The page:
by Sarah Robertson
Day #7, Sunday, February 11, 2018
This morning started off a bit crazy as we prepared for church and the day. The hotel had made us breakfast this morning which consisted of spaghetti, salad, eggs, and bananas. We were supposed to leave for the baptismal service at 6:45am., but we didn’t leave until about 7:30pm.-Haitian time!
We traveled to the river bank in Cay Jacmel for the baptismal service where three young people were baptized. I enjoyed the opportunity to witness this baptism service as these young people are making a public profession that they are desiring to serve Jesus. We sang a few hymns on the shore of the river bank while Pastor Kevin did the baptizing and Joe assisted him by helping the young people step into the river. When I say we sang hymns, what I really mean, is that the Haitians sang, and we listened. I recognized the songs that were sung even though they weren’t in my native tongue. The tune to “There is a Fountian” and “Take my Life” are the same in both languages.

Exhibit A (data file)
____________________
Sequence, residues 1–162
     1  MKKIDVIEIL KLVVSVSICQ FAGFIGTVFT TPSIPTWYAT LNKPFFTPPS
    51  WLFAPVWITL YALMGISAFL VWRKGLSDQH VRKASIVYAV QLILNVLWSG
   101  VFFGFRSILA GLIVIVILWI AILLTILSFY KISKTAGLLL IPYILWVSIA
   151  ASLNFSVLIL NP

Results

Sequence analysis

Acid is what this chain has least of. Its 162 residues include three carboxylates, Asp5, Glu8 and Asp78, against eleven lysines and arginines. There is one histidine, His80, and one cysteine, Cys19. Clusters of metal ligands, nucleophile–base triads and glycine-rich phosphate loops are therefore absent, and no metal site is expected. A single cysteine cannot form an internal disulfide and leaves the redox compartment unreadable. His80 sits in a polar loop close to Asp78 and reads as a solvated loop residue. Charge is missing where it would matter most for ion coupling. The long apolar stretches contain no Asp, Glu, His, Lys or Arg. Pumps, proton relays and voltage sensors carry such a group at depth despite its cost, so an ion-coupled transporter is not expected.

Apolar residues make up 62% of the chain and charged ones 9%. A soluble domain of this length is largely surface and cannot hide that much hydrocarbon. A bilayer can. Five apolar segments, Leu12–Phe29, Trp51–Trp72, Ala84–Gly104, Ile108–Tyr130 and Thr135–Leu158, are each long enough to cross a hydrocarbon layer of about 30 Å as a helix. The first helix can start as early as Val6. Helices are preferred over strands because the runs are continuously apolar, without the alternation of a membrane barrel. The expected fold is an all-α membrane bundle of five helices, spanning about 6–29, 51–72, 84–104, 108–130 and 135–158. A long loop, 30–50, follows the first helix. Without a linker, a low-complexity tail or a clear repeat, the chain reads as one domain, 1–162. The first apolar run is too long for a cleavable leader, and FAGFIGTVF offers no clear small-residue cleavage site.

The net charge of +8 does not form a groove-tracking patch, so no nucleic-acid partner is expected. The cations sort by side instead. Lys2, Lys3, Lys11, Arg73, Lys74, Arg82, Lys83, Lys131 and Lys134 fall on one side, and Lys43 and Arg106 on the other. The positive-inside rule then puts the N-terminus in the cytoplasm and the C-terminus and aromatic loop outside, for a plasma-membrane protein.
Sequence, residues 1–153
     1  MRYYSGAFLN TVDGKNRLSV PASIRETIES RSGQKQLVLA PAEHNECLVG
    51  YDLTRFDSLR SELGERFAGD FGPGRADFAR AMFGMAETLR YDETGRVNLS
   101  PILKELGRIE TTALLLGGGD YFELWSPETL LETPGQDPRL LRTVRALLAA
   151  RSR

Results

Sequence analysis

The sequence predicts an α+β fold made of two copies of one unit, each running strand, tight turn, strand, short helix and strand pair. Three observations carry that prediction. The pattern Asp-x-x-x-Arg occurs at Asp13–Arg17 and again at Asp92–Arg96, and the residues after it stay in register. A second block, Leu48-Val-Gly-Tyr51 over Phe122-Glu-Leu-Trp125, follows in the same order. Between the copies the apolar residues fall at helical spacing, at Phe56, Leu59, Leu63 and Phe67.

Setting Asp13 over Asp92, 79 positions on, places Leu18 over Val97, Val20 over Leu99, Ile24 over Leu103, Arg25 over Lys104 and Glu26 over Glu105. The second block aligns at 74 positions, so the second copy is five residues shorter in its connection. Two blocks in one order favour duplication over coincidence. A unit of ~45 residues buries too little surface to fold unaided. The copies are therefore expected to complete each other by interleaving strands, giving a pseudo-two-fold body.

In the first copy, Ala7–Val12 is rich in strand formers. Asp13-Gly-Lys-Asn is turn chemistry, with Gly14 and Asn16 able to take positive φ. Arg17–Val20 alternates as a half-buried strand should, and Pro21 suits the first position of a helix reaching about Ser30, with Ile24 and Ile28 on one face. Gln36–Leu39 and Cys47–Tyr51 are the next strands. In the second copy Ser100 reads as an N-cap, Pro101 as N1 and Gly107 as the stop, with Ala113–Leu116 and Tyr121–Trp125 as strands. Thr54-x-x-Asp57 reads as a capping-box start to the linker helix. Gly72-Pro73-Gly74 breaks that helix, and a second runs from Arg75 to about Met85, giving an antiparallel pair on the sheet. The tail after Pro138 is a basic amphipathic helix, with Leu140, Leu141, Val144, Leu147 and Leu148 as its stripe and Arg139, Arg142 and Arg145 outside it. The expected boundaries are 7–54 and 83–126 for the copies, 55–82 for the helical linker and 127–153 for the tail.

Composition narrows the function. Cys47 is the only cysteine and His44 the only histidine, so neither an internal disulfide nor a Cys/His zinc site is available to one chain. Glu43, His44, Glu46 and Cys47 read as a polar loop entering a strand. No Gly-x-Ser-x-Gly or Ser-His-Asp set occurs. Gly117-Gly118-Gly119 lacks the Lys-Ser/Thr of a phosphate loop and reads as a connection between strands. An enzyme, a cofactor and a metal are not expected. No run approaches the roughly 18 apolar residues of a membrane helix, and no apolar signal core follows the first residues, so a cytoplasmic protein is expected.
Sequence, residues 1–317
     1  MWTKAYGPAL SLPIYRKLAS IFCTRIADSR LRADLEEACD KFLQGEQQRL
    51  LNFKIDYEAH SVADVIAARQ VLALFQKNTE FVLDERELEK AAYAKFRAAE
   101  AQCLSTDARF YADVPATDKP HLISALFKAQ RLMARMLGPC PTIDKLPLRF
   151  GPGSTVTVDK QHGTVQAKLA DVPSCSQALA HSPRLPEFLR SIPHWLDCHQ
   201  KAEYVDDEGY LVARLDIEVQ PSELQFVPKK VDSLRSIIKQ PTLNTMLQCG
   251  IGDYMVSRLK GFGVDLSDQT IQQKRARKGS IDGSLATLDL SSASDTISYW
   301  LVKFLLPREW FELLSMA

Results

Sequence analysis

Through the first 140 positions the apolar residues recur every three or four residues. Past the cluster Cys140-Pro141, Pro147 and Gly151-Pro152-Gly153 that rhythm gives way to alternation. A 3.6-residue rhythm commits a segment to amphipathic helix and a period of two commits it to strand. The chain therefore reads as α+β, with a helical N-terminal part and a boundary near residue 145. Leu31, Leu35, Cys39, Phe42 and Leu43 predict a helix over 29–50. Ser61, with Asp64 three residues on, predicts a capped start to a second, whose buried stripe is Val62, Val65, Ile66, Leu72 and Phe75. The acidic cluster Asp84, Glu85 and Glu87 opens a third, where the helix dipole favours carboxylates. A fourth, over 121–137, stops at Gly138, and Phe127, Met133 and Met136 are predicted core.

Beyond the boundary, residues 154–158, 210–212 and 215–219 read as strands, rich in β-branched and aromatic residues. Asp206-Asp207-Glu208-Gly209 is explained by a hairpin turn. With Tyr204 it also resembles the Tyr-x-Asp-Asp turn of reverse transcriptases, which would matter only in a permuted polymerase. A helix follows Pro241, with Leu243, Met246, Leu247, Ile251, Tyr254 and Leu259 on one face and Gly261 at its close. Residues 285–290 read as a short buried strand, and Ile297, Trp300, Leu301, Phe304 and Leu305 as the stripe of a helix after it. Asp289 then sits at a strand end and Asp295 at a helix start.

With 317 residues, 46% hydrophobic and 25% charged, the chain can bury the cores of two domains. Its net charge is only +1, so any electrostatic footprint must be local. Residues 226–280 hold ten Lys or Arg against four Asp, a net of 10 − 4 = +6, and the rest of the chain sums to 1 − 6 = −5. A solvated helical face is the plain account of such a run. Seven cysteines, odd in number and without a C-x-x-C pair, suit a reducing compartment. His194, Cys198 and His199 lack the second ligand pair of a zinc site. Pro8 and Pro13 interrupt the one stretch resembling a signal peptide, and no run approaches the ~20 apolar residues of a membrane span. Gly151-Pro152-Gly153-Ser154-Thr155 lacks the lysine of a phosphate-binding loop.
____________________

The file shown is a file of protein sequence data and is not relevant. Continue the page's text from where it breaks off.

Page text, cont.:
Debbie Lynne and I had walked over to the Pastor’s house when we arrived to drop off some gifts that Debbie Lynne had purchased for their family. The pastor’s wife was there working on making food for the church dinner that would be held after the service. She was so appreciative and seemed very happy. Debbie Lynne and I snapped a few pictures and then walked down the hill to the church building. The service had already started so Joe, Debbie Lynne, and I stood in the back. The rest of the team was sitting right up in the front. The Haitians like to seat their guests of honor right in the front, but as the building was full, we just stood in the back. Joe had been asked to give a testimony of the Lords goodness and grace during his bout with cancer. This church family was among one of several churches in Haiti that had been praying for Joe. Kevin translated for Joe, and Joe did a great job. Joe started tearing up a bit at the end, and so did I. I’m tired so everything is a bit emotional for me today. I haven’t even held Eby today as I know how hard it’s going to be to leave this sweet baby. It does seem to me that Haitians are not very emotional people as I don’t think I’ve ever seen any of them cry. They are a strong and sturdy people, and some are very pain tolerant...like pulling their own teeth?! Ouch!